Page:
Los Angeles and California elected officials Monday hailed a U.S. Supreme Court ruling affirming that employers cannot fire or take discriminatory actions against employees based on sexual orientation or gender preference.
“LGBTQ Americans deserve fair and equal treatment under the law,” Mayor Eric Garcetti said. “Today’s Supreme Court decision is a victory in the ongoing battle to protect LGBTQ workers from workplace discrimination. This is progress. This is a vital step forward. But the fight goes on.”
The 6-3 ruling affirmed that the Civil Rights Act of 1964 includes protections against discriminating against people for their gender and sexual orientation.
“Today, we must decide whether an employer can fire someone simply for being homosexual or transgender,” Justice Neil Gorsuch wrote in the ruling. “The answer is clear: An employer who fires an individual for being homosexual or transgender fires that person for traits or actions it would not have questioned in members of a different sex. Sex plays a necessary and undisguisable role in the decision, exactly what Title VII forbids.”
The ruling came in a case dubbed Bostock v. Clayton County, Georgia, in which Gerald Bostock argued he was fired as a county employee “simply for being homosexual or transgender,” court documents show.
Bostock was allegedly fired for “unbecoming” behavior of a county employee shortly after he began participating in a gay recreational softball league, according to court documents.
Los Angeles City Councilman Mitch O’Farrell said the decision was a “win” for the LGBTQ community that was decades in the making, starting with the civil rights movement and LGBT uprisings beginning in the 1950s and 1960s.
“Decisions that extend our civil rights are always welcome, especially in light of recent discriminatory actions taken by the Trump administration,” O’Farrell said on Twitter. “Sometimes the (Supreme Court) gets it right and granting protections to #LGBT employees and prohibiting employers from making hiring or firing decisions based on sex is a legal and moral victory for us all.”
Gov. Gavin Newsom also praised the ruling.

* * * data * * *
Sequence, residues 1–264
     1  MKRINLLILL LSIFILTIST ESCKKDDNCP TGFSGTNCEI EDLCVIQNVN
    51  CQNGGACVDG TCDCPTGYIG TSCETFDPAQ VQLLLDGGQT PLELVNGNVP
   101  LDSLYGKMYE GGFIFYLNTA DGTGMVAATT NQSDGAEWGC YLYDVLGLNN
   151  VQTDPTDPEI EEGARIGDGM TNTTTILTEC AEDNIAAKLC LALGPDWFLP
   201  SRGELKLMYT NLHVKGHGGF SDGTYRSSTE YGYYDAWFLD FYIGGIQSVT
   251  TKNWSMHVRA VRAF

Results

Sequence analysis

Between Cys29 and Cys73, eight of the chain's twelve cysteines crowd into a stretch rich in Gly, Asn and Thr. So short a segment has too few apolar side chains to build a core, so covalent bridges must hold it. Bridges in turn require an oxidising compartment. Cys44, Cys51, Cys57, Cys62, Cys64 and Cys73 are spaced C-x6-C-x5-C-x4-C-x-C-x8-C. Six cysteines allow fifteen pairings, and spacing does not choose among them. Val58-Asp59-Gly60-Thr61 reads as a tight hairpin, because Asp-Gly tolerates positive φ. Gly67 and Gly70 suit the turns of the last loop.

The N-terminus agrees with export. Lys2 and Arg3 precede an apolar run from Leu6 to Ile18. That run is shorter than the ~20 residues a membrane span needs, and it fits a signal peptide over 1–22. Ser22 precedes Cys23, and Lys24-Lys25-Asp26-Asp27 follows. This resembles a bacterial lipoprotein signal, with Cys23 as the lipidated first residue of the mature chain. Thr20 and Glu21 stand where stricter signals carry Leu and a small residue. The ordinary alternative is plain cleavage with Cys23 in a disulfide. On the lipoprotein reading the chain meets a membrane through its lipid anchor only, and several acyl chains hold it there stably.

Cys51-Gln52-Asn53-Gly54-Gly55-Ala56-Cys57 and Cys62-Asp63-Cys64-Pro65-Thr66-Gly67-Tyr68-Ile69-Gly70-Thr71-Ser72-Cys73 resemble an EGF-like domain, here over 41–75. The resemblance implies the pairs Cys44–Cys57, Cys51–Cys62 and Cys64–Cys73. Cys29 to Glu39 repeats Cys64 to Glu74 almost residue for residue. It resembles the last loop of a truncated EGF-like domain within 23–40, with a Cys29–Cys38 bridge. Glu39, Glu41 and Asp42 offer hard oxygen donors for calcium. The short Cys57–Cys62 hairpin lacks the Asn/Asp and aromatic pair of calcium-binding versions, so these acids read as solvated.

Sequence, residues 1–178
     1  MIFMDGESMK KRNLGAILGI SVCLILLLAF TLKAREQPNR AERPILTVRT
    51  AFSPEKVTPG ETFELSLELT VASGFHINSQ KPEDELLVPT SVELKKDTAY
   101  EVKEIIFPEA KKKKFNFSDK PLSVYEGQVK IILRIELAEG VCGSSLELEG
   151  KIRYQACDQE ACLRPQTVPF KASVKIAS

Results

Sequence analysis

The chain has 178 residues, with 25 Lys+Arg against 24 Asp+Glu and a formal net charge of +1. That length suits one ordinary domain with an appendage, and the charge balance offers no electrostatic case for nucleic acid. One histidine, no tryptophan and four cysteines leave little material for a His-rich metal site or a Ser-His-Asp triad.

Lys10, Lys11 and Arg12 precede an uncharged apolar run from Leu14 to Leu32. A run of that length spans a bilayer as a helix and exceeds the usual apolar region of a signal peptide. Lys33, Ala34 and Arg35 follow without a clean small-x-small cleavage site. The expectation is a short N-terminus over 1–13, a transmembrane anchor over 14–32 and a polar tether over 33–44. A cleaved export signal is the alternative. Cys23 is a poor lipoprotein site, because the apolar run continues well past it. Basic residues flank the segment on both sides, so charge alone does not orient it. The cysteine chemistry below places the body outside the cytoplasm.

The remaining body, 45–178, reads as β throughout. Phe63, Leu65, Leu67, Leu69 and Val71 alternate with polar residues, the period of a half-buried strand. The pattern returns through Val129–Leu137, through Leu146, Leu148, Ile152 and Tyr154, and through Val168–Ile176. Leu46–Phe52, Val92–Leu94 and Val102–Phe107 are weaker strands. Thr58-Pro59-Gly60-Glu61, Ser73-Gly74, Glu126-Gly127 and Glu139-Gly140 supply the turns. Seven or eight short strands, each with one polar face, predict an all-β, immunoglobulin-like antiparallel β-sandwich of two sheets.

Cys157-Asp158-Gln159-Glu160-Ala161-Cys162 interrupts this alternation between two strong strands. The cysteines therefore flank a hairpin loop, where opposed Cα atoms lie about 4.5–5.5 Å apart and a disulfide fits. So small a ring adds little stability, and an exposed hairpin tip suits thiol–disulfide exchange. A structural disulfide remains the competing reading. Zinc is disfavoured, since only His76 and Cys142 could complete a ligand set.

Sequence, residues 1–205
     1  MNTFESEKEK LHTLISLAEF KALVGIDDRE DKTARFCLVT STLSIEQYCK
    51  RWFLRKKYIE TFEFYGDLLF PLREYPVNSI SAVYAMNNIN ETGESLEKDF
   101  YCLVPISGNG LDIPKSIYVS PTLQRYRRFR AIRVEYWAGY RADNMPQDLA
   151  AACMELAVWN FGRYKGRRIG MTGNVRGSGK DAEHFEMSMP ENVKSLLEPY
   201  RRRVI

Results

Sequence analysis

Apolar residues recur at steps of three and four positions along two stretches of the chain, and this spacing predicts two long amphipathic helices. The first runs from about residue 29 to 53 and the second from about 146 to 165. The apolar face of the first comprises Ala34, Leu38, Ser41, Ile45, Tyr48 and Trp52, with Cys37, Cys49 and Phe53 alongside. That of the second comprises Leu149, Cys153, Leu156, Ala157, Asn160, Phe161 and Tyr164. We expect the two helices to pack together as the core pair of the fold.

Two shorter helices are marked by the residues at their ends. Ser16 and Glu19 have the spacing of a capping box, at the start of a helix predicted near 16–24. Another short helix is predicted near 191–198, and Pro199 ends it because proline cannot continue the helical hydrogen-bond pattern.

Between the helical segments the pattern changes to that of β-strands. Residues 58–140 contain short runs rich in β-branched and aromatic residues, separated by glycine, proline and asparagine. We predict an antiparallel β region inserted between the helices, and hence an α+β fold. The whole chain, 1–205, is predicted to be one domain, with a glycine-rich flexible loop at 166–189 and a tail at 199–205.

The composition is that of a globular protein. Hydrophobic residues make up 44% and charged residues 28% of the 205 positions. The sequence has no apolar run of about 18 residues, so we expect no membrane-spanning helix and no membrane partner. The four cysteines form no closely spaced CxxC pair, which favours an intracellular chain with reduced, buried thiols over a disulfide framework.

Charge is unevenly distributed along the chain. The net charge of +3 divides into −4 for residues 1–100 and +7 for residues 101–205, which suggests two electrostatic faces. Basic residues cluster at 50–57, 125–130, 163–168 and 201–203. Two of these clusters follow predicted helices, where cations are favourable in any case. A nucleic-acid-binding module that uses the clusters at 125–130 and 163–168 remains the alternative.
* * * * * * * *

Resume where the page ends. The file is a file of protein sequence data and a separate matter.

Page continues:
“Nobody should ever have to fear losing their job simply because of who they are or whom they love,” Newsom said. “Today’s Supreme Court decision rights this injustice and brings the country in line with what has long been California law, ensuring that LGBTQ persons across our nation enjoy core civil rights legal protection at work. While the fight for equality continues, this ruling is a significant victory for the LGBTQ community, civil rights and against discrimination.”
Justice Brett Kavanaugh filed the dissenting opinion, saying that under the Constitution’s separation of powers, the responsibility to amend the employment clause of the Civil Rights Act “belongs to Congress and the president in the legislative process, not to this Court.” Kavanaugh also said additional laws have been passed by Congress to protect people from workplace discrimination.
The Los Angeles LGBT Center issued a statement hailing the court’s decision.
“To those who argue the Civil Rights Act of 1964 could not have foreseen questions of sexual orientation and gender identity, it is now decided that the limits of the drafters’ imagination supply no reason to ignore the law’s demands,” according to the center. “Although today’s decision is a historic victory, it comes as we still fight for true equality and justice on many fronts.
“We know that one court decision alone is not enough: legal equality in certain areas does not mean that you are equal in today’s America.”
The Supreme Court’s ruling comes after the Department of Health and Human Services on Friday finalized a rule that would remove nondiscrimination protections for LGBTQ people regarding health care and health insurance.
“HHS respects the dignity of every human being, and as we have shown in our response to the pandemic, we vigorously protect and enforce the civil rights of all to the fullest extent permitted by our laws as passed by Congress,” said Roger Severino, director of the Office for Civil Rights in the HHS, in a written statement.
The rule is set to go into effect by mid-August.
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